As of 984, the Diyarbekir region came under the rule of Harbohti Badh of the Bohtan Kurds. The near-century-long rule of the Marwanids in Upper Mesopotamia, which in many ways constituted a unique episode in the city’s history, thus began. (“A parenthesis in history: the Marwanids”)
Although the Marwanids had fought alongside the Seljuqs in the Battle of Manzikert in 1071, the prosperity of their lands still drew the hostile attention of the Seljuq Empire. Besieged under the orders of Sultan Malik Shah, the city was captured in 1085. With his appointment of a governor named Inal, the Inalid Principality (Beylik) that would hold sway over the region for almost a century was founded.
The vizier of the Inalids, Nisanid Ali had begun to gain notoriety for his maltreatment of the people. While Fakhr ad-Din Qara Arslan (or Kara Arslan), ruler of the neighbouring Hisn Kayfa (Hasankeyf) branch of the Artuqids, had made dozens of attempts to take Amid in order to put an end to these troubles, none had succeeded. His son Nur al-Din Muhammad asked for support from Ayyubid Sultan Saladin (Salah al-Din) in order to bring his father’s wish to pass. In return, he pledged his soldiers to Saladin’s army in wars to come.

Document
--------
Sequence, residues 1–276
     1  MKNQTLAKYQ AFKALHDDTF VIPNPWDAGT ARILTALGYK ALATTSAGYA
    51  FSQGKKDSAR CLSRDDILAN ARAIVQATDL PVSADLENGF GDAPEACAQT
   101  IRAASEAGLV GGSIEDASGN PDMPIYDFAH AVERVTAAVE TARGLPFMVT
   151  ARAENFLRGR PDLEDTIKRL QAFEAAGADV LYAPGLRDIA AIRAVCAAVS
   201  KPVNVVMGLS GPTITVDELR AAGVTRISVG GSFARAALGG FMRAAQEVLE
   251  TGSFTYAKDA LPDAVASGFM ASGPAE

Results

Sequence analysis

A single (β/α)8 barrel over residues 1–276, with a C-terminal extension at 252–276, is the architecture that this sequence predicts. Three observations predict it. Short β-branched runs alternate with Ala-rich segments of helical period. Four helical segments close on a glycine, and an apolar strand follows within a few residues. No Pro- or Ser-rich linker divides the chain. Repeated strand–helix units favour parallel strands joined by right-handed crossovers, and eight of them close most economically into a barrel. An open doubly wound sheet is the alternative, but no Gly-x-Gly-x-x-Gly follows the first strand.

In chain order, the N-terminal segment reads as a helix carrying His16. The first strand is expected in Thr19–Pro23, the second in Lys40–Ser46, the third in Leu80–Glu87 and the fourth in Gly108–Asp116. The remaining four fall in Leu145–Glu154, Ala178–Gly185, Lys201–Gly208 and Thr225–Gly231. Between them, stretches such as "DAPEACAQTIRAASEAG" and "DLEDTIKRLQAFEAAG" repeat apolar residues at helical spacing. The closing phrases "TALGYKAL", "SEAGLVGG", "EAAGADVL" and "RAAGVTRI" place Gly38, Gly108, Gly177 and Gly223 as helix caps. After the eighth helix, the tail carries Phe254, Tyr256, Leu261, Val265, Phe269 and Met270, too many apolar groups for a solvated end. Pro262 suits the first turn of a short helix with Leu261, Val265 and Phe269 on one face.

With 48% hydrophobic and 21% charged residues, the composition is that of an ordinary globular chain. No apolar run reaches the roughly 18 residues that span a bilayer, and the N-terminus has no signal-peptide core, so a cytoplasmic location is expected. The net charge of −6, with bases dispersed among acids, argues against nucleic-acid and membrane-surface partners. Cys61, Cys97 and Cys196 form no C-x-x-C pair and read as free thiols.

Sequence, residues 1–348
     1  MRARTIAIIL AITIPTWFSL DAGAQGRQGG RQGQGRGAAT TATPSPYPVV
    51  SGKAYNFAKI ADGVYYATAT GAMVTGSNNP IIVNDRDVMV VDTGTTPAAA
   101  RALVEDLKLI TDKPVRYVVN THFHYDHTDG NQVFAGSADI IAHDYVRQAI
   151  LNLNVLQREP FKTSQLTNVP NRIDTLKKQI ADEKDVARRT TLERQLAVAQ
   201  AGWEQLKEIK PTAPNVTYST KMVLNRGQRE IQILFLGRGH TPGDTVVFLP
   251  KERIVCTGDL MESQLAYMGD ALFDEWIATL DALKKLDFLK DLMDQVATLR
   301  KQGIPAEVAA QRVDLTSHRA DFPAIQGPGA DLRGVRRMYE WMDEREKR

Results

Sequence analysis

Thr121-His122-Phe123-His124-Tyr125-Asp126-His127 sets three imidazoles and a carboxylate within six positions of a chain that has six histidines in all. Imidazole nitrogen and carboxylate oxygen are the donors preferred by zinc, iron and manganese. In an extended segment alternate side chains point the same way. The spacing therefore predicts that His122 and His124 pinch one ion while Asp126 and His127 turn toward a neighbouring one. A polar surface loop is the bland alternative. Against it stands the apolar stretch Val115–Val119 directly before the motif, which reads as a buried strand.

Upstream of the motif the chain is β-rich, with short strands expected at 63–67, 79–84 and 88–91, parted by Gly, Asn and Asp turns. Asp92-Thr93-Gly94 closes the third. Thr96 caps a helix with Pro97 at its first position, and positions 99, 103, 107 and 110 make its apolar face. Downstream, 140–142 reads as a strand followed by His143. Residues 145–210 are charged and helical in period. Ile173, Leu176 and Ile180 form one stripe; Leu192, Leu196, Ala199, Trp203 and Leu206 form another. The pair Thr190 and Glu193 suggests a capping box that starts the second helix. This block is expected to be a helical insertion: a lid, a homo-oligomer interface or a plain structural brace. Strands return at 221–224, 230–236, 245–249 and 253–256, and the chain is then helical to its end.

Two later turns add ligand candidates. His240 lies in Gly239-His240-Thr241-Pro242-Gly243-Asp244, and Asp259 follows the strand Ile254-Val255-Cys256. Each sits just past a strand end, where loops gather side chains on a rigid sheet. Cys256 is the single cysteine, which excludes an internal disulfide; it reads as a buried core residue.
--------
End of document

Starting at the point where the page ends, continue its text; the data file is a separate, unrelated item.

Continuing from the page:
The giant mangonels (or trebuchets) of the Ayyubid army, called by the name of “al-Mufatti” (El-Müfettiş) pounded the black basalt stone of the city walls for days on end, and in 1183 the city was finally taken. Its bastion towers were full to the brim. Nearly eighty thousand candles had been stashed in one alone, while another held arrowheads and stacks of grain sacks. The city’s vaults were also full of bales of cotton, bolts of fabric, carpets and tents. Sultan Saladin granted the enormous one-million-forty-thousand-volume library to his secretary/scribe Qadi al-Fadil. As promised, Sultan Saladin Ayyubi left Artuqid Nur al-Din Muhammad in charge of the city. The Mesûdiye Madrasa and Zinciriye Madrasa were built by his son Sokman II, who replaced his father after his death. Sultan Saladin had silver and copper coins minted here in his name for many long years as a marker of his sovereignty.
(For a reading of the city’s history through coins, check: “Diyarbakır as told in coins”)